The women do have a central role in the novel, in that they emerge victorious.

Yes, and here it’s obviously the same narrative: the women rise to the surface and take over. But in the book it’s much more of a surprise. It’s almost like there’s a series of trials, in which each of the versions of control get their go—you’ve got Wilder, who is like a manly man on his own, a rebel character. Then you’ve got Royal, who is at the top of the high-rise and brings class and authority; he tries to take over with a kind of abuse, and that doesn’t work either. Then you’ve got Laing, who has a pragmatic, English approach. That doesn’t really work either. It’s the women in the end who win by surprise. They have taken the most of the abuse and we wanted to see more of them. Amy was talking about coming from a writing perspective.

But the other problem of adaptation is not about prose but about the literalness of film. As soon as you point the camera in a room there are no more secrets in that room. You’ve seen everything. How you ration that information is the equivalent of the prose. It’s like an upside-down world for a writer. You know, when I looked at Ballard’s Concrete Island, I thought, as a film, as soon as he gets out of the car you know everything, whereas in the book it’s only a sentence at a time that you discover the world. The reality of the prose is that the character is myopic and can’t see anything unless the writer allows him to see it. That’s absolutely the opposite of cinema.

A film of Concrete Island would seem particularly literal because of that single limiting environment: you’d see it all straight away and there would be no mystery, no discovery.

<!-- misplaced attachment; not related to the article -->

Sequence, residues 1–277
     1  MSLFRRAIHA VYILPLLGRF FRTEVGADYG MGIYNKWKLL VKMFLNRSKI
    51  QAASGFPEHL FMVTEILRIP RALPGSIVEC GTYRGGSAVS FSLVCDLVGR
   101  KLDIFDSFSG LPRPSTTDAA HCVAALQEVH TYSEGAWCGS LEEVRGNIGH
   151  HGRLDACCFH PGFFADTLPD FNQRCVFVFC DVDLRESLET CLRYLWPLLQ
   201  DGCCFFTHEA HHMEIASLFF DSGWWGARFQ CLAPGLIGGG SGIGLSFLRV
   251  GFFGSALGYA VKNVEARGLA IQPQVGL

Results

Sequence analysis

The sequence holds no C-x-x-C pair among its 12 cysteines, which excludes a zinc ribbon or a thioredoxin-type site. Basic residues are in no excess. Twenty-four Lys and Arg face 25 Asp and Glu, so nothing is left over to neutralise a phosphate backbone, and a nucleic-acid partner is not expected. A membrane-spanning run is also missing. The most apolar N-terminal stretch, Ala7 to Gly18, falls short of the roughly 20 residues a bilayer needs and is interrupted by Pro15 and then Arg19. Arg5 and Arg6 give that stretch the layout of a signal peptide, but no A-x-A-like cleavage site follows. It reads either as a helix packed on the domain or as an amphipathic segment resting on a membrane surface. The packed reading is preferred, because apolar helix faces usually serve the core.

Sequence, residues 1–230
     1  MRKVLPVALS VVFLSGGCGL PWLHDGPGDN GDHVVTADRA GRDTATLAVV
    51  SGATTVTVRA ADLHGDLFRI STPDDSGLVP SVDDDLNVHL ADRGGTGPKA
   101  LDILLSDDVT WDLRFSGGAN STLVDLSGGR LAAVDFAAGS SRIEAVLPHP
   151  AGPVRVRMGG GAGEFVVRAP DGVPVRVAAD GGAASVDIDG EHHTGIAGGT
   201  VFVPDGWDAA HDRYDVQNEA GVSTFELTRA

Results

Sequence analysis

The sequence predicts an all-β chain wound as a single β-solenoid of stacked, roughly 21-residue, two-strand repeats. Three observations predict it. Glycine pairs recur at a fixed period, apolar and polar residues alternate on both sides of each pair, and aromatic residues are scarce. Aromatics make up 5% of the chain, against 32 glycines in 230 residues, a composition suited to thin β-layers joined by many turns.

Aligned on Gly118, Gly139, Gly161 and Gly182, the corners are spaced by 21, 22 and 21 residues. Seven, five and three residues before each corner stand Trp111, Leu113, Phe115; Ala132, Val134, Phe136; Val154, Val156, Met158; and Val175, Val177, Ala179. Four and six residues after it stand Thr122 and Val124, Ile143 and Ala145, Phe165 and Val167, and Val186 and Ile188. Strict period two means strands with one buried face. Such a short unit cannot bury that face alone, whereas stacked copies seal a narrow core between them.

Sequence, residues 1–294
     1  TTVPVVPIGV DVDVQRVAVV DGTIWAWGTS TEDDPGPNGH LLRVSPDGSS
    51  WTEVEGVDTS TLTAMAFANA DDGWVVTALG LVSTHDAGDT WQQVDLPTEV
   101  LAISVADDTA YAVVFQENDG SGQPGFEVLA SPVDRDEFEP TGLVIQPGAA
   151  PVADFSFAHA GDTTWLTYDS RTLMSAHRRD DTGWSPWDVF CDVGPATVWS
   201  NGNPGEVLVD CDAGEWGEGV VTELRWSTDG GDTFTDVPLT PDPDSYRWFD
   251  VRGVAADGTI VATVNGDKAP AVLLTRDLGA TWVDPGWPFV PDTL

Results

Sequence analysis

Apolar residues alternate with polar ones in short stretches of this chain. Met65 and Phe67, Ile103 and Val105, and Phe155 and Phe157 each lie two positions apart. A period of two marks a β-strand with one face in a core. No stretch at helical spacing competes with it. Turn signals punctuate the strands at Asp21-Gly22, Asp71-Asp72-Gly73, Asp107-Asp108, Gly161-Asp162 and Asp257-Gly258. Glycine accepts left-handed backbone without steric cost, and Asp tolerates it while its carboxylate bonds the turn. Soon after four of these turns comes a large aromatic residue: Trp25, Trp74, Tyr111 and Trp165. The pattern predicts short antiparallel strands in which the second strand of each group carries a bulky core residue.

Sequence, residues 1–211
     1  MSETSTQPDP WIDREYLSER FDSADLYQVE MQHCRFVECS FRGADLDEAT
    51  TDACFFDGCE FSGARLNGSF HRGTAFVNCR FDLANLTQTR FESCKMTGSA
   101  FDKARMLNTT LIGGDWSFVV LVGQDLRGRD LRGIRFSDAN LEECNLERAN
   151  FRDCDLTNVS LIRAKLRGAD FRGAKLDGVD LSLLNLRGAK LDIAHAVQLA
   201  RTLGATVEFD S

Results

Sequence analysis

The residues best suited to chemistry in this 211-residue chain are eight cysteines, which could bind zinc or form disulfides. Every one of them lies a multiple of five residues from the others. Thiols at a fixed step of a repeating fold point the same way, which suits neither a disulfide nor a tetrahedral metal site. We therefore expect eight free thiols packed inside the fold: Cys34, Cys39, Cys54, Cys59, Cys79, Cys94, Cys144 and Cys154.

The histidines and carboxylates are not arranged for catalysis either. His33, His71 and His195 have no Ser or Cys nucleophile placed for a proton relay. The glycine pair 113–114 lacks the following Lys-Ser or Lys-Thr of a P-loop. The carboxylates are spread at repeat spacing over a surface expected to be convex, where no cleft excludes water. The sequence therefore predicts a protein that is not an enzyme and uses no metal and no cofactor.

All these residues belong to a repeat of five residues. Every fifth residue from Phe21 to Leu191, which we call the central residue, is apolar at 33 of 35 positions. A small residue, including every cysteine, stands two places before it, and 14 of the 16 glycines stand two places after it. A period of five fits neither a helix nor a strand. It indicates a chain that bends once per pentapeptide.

Yeah, well also there’s a lot of assumption, isn’t there? You assume it’s a small space, but then this building comes on, and then you assume something else, and then it transpires there’s a whole town there. It’s slowly rationed out. In a film you’d have to do some pretty fancy footwork to preserve those beats.

High-Rise presents a similar a problem too: the book is free to delve into psychological spaces but the film has to remain with the physical.

A lot of the humor in High-Rise is in character descriptions. You’re introduced to these characters and they’re defined by what they do and that’s funny. That’s not something that translates into film. Unless you go the route of, like, a Chandler-style first-person. But then you’ve screwed it at that point. I was trying to keep the humor of Ballard alive in it and not turn it into something austere. There’s a layer of comedy in Ballard, and it would be a mistake, I think, to make it super cold. It’s isn’t. It’s warm in many respects.